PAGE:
Health Care-Packed Week for Congress
Congress is back from summer vacation and has little time to waste on a packed September agenda. Legislative items on its plate this month include: passing a government funding bill and disaster relief; extending funding for the Children’s Health Insurance Program (CHIP), community health centers, and other important health programs; addressing the debt ceiling; and pivoting to tax reform.
Additionally, key Republicans and Democrats have promised to come together to address affordability and stability in the marketplace. It’s going to be a very busy month.
Key Senate committee will meet to discuss stabilization of health market
Up first, the Senate Health Education Labor Pensions (HELP) Committee will be holding four hearings over the next two weeks focused on market stabilization. The top Republican and Democrat on the committee hope that these hearings will provide a formal bipartisan setting for addressing rising premiums. (We live-tweeted the hearings.)
Over the next two weeks HELP will hear from state insurance commissioners, governors, health care stakeholders, state flexibility experts, and more. Senators on both sides of the aisle will have the opportunity to hear from the diverse group of witnesses and ask them questions related to their various areas of expertise.
Following these hearings, the senators on the HELP Committee will work with their colleagues and caucuses to craft legislative solutions.
We hope these solutions reflect the legislative priorities summarized in a letter sent to Congress this week, signed by 100 consumer and health care advocate organizations, including Families USA. The letter outlines our main asks for the bipartisan discussions, including guaranteed funding for cost-sharing reductions, restoration of premium stabilization programs, and adequate funding for federal navigators and consumer outreach.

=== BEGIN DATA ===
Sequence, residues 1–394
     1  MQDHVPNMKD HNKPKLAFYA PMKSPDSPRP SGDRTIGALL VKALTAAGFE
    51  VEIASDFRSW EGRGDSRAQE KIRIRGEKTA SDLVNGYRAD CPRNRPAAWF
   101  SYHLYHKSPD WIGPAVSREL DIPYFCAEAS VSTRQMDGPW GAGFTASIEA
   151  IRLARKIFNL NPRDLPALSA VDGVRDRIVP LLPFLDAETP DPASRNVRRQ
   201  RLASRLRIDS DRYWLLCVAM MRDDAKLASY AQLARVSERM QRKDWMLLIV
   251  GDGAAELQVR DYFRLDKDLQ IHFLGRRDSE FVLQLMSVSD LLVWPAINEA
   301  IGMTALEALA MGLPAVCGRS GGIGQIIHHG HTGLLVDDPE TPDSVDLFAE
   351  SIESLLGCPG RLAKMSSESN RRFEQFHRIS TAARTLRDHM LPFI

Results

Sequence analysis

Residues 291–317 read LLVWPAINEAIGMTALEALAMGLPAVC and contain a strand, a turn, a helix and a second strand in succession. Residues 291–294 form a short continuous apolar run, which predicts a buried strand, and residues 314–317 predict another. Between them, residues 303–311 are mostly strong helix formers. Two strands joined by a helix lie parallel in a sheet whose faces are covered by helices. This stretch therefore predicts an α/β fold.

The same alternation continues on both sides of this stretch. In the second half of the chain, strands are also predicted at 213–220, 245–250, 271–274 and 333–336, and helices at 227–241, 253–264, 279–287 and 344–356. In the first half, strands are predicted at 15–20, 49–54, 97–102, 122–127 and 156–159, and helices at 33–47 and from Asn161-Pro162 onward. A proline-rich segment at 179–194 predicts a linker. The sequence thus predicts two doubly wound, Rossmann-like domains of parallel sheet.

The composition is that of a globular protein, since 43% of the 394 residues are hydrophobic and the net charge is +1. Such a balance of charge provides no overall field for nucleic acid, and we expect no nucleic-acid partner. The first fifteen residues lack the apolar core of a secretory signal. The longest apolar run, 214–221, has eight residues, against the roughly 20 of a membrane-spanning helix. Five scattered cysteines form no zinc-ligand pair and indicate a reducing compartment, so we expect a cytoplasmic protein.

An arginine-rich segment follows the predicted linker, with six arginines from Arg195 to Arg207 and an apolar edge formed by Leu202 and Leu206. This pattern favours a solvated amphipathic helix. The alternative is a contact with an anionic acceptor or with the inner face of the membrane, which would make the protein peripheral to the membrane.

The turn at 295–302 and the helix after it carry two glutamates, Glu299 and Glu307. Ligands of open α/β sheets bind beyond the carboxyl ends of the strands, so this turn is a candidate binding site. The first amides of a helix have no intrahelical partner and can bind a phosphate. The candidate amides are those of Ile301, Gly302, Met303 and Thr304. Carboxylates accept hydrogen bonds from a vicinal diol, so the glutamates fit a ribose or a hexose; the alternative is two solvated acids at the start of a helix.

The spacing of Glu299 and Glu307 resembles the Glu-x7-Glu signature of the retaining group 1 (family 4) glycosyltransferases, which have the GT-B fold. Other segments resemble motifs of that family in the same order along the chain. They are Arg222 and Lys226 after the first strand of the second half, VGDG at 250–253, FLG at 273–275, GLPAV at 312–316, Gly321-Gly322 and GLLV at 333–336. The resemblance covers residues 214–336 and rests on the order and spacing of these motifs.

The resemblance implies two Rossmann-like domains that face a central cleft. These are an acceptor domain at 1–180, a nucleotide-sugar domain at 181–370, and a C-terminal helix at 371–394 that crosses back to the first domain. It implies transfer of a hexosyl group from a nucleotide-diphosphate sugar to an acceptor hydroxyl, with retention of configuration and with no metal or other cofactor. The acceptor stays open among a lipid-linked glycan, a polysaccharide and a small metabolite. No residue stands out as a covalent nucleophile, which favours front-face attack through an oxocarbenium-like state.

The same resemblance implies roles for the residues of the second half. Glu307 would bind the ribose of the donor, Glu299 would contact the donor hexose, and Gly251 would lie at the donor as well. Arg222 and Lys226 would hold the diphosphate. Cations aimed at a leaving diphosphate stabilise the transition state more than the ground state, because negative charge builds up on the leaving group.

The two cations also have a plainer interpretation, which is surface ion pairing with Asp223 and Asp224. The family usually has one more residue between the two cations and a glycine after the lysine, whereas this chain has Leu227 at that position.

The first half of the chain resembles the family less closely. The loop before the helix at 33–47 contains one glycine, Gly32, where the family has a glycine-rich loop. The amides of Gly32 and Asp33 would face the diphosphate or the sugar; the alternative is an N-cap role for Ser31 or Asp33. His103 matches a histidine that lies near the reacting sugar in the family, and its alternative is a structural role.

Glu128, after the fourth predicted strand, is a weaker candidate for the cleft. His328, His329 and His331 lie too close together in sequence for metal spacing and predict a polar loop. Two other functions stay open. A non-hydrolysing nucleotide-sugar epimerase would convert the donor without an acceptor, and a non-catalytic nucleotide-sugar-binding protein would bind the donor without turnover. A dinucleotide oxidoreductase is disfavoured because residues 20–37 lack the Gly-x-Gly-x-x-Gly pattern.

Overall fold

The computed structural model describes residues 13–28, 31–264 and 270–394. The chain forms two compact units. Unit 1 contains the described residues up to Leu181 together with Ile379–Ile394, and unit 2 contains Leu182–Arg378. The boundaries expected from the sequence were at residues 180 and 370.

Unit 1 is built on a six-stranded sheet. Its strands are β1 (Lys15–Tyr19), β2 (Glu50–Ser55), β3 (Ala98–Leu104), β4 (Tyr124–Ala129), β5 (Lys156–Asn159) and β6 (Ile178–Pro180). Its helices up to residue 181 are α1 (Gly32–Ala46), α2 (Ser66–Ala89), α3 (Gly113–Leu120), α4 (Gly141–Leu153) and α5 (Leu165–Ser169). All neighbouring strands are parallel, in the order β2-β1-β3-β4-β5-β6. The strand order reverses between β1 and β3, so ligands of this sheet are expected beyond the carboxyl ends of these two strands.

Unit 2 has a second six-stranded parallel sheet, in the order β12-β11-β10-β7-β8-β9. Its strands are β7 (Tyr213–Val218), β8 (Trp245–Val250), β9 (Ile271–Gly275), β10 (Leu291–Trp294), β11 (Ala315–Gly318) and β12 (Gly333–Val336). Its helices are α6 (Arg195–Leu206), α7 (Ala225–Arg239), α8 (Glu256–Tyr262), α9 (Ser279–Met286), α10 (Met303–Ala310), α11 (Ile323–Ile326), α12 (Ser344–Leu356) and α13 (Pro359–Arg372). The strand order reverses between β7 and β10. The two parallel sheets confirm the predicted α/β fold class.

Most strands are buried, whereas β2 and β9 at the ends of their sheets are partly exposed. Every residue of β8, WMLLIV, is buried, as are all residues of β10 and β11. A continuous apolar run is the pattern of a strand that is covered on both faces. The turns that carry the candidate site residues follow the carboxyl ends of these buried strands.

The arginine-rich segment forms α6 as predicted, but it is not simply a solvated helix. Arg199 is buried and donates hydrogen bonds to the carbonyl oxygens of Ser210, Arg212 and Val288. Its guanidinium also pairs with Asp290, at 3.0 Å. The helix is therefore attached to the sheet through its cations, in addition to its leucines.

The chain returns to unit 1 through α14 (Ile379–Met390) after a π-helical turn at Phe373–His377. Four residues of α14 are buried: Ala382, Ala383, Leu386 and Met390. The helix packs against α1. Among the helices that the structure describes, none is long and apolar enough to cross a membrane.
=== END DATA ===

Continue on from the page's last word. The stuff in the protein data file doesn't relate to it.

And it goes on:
During these upcoming discussions on stability and flexibility, we hope positive bipartisan conversations continue, but it is possible that less agreeable proposals will emerge.
Bipartisan proposal from Governors Hickenlooper and Kasich
Last week, we got a preview of some of the proposals that may come before the HELP Committee. Governors John Hickenlooper (D-CO), John Kasich (R-OH), and six of their Democratic and Republican colleagues sent a letter to congressional leadership outlining their plan to stabilize the marketplace.
It is encouraging that governors from both sides of the aisle could agree on many proposals that health care advocates, policy experts, insurers, and other state officials have stressed are needed for market stability. This includes:
- funding cost-sharing reductions (CSRs) through 2019
- immediate external funding for reinsurance alongside long-term extension of the ACA’s premium stabilization programs
- maintaining funding for outreach and enrollment efforts
- closing the family glitch
However, other provisions in the plan, such as providing more state flexibility to erode federal essential health benefits and weakening requirements for 1332 waivers could undercut consumer protections and pave the road for policies that worsen access to and affordability of comprehensive coverage.
At the HELP hearing on September 7, we expect to hear more from Governor Hickenlooper about the recently released proposal as he testifies on ways to strengthen the individual market.
Other things to watch this week
The Senate Finance Committee will hold a hearing on reauthorizing funding for CHIP on Thursday, September 7. Since funding for CHIP expires on September 30, and several states will run out of funding over the next several months, it is crucial that Congress acts soon to fund the program. CHIP covers 9 million children and has received bipartisan support in the past, so we are hopeful that this hearing will kick start legislative action on funding extension.
Many lawmakers in Congress are returning to D.C. with bipartisan intentions to improve the marketplace and ensure continuing health coverage for children. However, during this busy month it will be crucial to remind your lawmakers of your priorities and encourage them to move beyond the partisan repeal efforts that consumed so much of this year.